For the majority of my adult life, I had been incredibly healthy. I rarely got the flu or even a cold, and I hadn’t gained a single pound since college. My asthma, which was a chronic issue when I was younger, had all but disappeared and I hadn’t needed to see or even had a primary care doctor since I was 18. Aren’t your 20’s and early 30’s awesome.
Whether it was some sort of signal from my body telling me not to be a SAHD or the fact that I’m getting older (36 in October…), the healthy streak came to an abrupt end. I’ve referred to my mystery illness a couple of times now, so I figured its time to jump into the details and share how it has affected my physical and more importantly, mental health.
Since “mystery illness” doesn’t really roll off the tongue, I think a proper name is in order. From here on out, I’ll call her Bessie.
The Story of Bessie
Thankfully about three weeks before Bessie, as part of my SAHD Preparations and getting ready to leave my job, Mrs FW forced me to find a primary care doctor and I had a physical and had some necessary blood work done. I learned I gained 10 lbs, which annoyed me, but not enough that I actually did anything to change it. The blood tests would prove to be an essential baseline for the impending doom of Bessie that lurked in June and July.
Bessie joined my life right around Father’s Day. She started with super achy muscles and stiff joints. When I would wake up in the morning, I felt as if I had a combination of the flu and had run a 10K the day before. Shortly after a pounding headache would set in. A good round of Advil and some coffee and my body would start to come back in line. Around 4 pm, Bessie would get angry again and my energy level would fall to zero.
After about a week of this and no change, the night sweats started up. I’ll leave that one there.
As I reached the end of week 2 with no change and Bessie growing in annoyance, Mrs FW suggested it’s time to bring in the doctor. The doctor didn’t feel too concerned and thought that I was on the tail end of something viral. He said everything should start to clear up over the next week and sent me on my way.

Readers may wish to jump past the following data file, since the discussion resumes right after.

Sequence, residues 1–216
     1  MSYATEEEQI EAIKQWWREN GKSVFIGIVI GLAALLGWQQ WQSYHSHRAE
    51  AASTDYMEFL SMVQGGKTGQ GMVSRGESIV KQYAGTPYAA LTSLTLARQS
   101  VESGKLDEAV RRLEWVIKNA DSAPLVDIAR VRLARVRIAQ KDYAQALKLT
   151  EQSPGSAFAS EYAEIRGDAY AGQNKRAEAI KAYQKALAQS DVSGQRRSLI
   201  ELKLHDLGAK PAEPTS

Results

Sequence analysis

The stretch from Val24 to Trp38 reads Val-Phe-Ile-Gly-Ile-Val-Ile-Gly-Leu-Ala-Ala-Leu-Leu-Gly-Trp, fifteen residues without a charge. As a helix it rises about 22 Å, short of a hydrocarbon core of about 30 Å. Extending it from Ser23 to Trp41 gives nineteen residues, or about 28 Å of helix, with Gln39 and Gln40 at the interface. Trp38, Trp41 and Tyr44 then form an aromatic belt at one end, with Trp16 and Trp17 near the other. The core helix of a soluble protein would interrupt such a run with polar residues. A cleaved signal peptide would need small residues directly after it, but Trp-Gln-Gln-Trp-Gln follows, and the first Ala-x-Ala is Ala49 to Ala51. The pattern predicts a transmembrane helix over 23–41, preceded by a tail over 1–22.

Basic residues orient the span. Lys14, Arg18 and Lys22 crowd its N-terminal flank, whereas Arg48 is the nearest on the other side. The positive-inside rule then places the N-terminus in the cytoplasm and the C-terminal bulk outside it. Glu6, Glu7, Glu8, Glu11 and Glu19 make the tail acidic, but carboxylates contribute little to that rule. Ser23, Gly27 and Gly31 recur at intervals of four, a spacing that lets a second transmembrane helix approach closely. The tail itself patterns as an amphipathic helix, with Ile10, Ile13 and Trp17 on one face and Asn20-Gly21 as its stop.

Fast forward a week later (Week 3), and Bessie is really angry. The stiff joints now feel like I’m running a daily marathon and energy levels are at all-time lows. An excellent way to start off my first 2 weeks as a SAHD.
Back to the doctor and my first round of blood work. The results came back, and my hemoglobin levels had dropped by 25%+ from a month earlier. They had fallen out of the normal range and my red blood cell count had fallen as well. This brought on a whole new round of tests to look further at kidney and liver functions.
The next round of blood work revealed that my liver enzymes were 5 to 6 times higher than the should be and my hemoglobin levels were continuing to fall. Next step…..a referral to an Oncologist/Hematologist. “What the hell is going on?!?!. Oncologist!?!”
This just got real, real quick.
The visit to the Oncologist was right around week #4 of Bessie, but thankfully, I was finally starting to feel some relief. The day arrives to visit the doctor, and my head is spinning with the possible outcomes. She quickly put my mind at rest and ruled out all of the really bad stuff based on different markers within my blood work. It turns out bilirubin levels are important for beyond getting your heel pricked when you’re a newborn.
After a lengthy talk of the symptoms and brief exam, she also feels that Bessie is a viral infection but had to rule everything else out first. The virus has the ability to suppress red blood cell production and mess with your liver function. She was worried though about the elevated liver levels and needed to rule out Hepatitis and Liver Disease to be able to feel confident about the viral infection diagnosis.
More blood work, a liver ultrasound, and more waiting. All test came back negative, and Hepatitis and Liver Disease were ruled out. Back to Bessie being a viral infection, and waiting to see if things clear up. Week #5 and more blood work. “It’s all about the trends” my doctor would say. Even if the levels are bad, we need to see it moving in the right direction.
The Transformation of Bessie